Bats are really mysterious creatures, not helped by tales of vampires and images in movies. Going on a bat walk can bring you much closer to these animals and help you learn lots about them.
Finding local bat walks
Quite often you’ll find that local nature groups or bat conservationists will run bat walks. If they do it’s a great introduction and can allow you to have a go of or at least see some bat detectors up close.
You’ll find that they run in the summer months, as bats hibernate through the winter and generally start at dusk. We found plenty by just googling local events and they all happily took children too.
Check out the Bat Conservation Trust to see if there are any events near to you – they also have some good pages with info about bats to learn more about what we have in the UK.
Go on your own bat walk
I find dusk the best time as there are lots of insects out that the bats eat and you can still see quite well. Sometimes it takes a while to get the timing right for them starting to come out, but once you do spot one it’s quite a sight. You can walk along places where you think bats will be – along side a pond or at the edge of a wood might be a good place to start, or even just outside your house in the garden. You don’t have to walk if you don’t want to – I bet that you’ll find lots just coming from local houses!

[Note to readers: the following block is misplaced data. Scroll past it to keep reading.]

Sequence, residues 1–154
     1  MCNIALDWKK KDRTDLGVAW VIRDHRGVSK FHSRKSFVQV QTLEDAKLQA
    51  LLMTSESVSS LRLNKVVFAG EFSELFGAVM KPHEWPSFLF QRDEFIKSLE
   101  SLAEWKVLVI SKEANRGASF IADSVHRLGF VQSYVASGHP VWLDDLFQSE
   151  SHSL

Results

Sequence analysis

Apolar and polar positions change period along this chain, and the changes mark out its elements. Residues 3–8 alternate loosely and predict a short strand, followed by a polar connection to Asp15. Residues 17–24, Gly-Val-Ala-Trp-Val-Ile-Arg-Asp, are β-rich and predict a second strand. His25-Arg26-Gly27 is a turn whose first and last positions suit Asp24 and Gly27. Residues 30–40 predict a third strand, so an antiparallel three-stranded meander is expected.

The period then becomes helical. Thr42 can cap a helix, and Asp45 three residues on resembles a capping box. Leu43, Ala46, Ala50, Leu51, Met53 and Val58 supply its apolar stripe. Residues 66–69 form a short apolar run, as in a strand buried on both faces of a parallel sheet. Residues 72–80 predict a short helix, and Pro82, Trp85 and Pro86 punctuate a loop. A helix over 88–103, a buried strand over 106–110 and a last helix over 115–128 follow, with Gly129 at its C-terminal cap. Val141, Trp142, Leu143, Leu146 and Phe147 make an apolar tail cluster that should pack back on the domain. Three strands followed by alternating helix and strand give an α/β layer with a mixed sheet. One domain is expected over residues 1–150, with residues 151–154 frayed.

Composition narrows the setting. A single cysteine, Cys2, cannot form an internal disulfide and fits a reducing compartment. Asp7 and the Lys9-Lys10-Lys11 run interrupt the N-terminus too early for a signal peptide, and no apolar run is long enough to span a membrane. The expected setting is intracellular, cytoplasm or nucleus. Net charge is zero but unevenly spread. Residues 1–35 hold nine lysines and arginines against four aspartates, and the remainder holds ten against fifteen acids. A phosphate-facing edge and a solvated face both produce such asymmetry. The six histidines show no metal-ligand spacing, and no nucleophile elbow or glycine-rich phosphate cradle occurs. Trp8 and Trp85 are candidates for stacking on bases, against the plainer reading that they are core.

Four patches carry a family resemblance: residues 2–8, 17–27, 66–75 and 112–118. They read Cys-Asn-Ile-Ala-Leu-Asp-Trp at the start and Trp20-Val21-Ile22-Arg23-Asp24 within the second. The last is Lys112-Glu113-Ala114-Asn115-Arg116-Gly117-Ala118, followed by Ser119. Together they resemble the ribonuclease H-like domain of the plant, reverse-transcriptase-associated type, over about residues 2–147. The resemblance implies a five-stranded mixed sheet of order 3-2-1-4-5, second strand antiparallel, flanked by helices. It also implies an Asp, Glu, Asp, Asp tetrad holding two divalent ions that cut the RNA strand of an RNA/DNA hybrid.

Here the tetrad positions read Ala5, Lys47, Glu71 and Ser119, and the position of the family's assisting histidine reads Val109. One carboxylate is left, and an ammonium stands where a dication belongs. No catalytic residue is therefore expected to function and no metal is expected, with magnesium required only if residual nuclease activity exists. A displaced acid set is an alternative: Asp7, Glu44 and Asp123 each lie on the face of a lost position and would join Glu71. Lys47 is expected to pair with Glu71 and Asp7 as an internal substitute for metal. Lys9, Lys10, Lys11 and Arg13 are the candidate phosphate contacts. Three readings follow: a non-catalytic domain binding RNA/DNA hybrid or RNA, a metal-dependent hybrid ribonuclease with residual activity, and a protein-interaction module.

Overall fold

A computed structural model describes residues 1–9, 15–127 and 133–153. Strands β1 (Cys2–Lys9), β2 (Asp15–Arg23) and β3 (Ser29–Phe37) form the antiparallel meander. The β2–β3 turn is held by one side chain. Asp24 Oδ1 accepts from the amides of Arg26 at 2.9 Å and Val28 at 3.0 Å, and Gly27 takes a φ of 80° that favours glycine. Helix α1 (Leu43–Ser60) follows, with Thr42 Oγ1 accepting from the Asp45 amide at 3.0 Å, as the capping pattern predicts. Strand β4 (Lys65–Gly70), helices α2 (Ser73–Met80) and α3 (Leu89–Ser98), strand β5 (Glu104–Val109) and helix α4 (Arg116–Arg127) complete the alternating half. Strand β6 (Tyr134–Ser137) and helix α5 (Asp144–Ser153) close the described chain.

If you find some, take note of their flight paths. Different species of bats have different ways of flying and it’s one way of figuring out what’s around. Getting an illustrated bat guide like this one is a good idea to help identify what you see.
If you’d like to get more serious and get yourself a bat detector I can really recommend them. Unfortunately they’re not the cheapest bits of equipment, but if you go camping a lot or just have a real interest in bats, or your kids do, it can bring a whole new perspective to finding them.
This is the bat detector that we got. It’s a Magenta Bat 4 detector and is probably the cheapest reliable detector you can get. There are much more advanced ones with digital screens, but this one worked great for us. We’ve taken it camping in the UK, watched bats by the river in France and at home too! Because it picks up the echo location sounds as ‘pips’ on the detector it meant that we knew they were around and straining our eyes to find them was worthwhile!
Help out by doing a survey
The Bat Conservation Society also invite people to do a Sunrise and Sunset survey to help them get to know about the bats around the country. I think getting kids involved with these surveys are a great way to encourage them to learn about and get involved with nature more. The survey runs in the summer months of June, July and August, so still time for this year, and you can find out more information here.
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